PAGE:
Jainchill & Beckert, LLC

car accidents Archives

Coexisting with wildlife as days get shorter

Connecticut drivers may have to adjust their driving habits as the days get shorter. Nov. 5 marked the end of Daylight Saving Time, and it comes at a time of year in which animals are mating or looking for food before winter. Deer, bears and other forms of wildlife could be roaming the streets during morning and evening commutes. As a general rule, drivers should reduce their speed during periods when it is harder to see.

Night shifts pose car injury risks

Not everyone who lives in Connecticut works a standard 9:00 to 5:00 job. In fact, many workers find that their schedules frequently change, with many working night shifts. While it is true that there is a need for nighttime workers in certain workplaces and industries, nighttime work has been increasingly associated with health and safety risks.

Accidents drop with collision avoidance systems

Connecticut drivers who have blind spot alert or lane departure warnings on their vehicles may be less likely to be involved in an accident than those who do not. Research examining more than 5,000 2015 car accidents conducted by the Insurance Institute for Highway Safety found that these collision safety systems resulted in 11 percent fewer accidents that were side swipes, single-vehicle crashes or head-on collisions and 21 percent fewer injury accidents of the same kind.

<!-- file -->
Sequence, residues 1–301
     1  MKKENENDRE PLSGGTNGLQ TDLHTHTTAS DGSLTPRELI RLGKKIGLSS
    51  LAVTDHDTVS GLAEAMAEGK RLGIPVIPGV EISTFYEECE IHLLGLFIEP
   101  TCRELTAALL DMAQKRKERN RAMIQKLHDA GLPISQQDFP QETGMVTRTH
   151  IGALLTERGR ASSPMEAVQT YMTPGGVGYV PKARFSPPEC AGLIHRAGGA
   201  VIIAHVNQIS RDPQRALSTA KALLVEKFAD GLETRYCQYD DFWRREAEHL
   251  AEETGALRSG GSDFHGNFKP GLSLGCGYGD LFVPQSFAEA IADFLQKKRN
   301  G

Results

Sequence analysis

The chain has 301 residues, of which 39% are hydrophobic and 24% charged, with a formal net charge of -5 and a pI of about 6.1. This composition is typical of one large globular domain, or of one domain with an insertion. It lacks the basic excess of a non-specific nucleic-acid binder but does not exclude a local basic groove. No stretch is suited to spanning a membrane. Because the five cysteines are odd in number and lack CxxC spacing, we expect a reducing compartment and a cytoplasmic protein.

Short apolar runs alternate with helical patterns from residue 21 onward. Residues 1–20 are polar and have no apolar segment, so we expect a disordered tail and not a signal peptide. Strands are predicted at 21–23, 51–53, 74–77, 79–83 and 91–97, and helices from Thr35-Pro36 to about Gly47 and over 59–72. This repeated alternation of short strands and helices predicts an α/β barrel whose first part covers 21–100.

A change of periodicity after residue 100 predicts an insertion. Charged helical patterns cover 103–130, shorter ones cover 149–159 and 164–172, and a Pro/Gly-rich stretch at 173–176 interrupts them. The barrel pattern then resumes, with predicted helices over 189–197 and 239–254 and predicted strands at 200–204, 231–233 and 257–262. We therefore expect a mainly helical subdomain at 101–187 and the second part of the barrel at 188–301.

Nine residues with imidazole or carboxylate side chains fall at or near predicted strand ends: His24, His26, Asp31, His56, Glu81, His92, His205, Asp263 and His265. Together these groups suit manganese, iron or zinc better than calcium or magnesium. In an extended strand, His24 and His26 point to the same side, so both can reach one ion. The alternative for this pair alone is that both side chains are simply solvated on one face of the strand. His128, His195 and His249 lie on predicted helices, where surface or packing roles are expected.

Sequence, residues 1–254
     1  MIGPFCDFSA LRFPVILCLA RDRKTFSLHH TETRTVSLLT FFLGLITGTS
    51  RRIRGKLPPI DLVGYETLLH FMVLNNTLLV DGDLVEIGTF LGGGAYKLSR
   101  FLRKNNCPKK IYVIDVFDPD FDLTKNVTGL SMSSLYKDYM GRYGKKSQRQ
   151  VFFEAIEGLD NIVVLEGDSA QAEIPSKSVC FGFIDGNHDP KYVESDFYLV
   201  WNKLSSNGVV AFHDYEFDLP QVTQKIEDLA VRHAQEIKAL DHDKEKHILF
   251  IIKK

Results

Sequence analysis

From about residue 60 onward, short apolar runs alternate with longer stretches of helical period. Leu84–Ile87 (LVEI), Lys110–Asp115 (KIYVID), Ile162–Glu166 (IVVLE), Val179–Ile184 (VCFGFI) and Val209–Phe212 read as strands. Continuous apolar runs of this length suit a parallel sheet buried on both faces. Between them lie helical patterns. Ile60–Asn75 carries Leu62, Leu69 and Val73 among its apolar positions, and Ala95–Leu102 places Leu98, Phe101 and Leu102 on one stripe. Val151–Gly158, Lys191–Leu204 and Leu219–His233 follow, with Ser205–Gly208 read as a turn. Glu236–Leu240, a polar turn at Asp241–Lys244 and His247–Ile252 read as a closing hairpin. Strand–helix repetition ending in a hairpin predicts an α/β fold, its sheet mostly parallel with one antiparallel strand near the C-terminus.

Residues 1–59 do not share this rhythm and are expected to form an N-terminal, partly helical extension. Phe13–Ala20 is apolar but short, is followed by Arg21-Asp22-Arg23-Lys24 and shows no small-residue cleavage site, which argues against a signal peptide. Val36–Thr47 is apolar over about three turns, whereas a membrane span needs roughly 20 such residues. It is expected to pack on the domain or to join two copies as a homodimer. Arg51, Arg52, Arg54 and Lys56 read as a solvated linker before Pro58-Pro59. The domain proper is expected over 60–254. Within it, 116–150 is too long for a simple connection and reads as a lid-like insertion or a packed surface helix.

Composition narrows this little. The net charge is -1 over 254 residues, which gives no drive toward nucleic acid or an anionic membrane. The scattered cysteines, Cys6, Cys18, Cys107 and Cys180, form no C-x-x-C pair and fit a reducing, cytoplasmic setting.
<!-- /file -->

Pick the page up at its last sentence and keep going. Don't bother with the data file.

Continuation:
Driver fatalities rise along with the economy

Economic recovery in Connecticut and across the country could potentially have the side effect of a higher risk of death in a car accident. A study by the Insurance Institute for Highway Safety says that as the economy improves, more drivers are taking the road, more frequently and more dangerously.

Increasing speed limits leading to more deaths

While many Connecticut drivers like to get to their destinations quickly, a study from the Insurance Institute for Highway Safety showed that the speed limit increases that have occurred throughout the country since 1987 have resulted in an estimated 33,000 additional deaths. According to the vice president for research and statistical services for the IIHS, the car accident fatality rates would have been lower if speed limits had not been raised.

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Jainchill & Beckert

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Plainville, CT 06062

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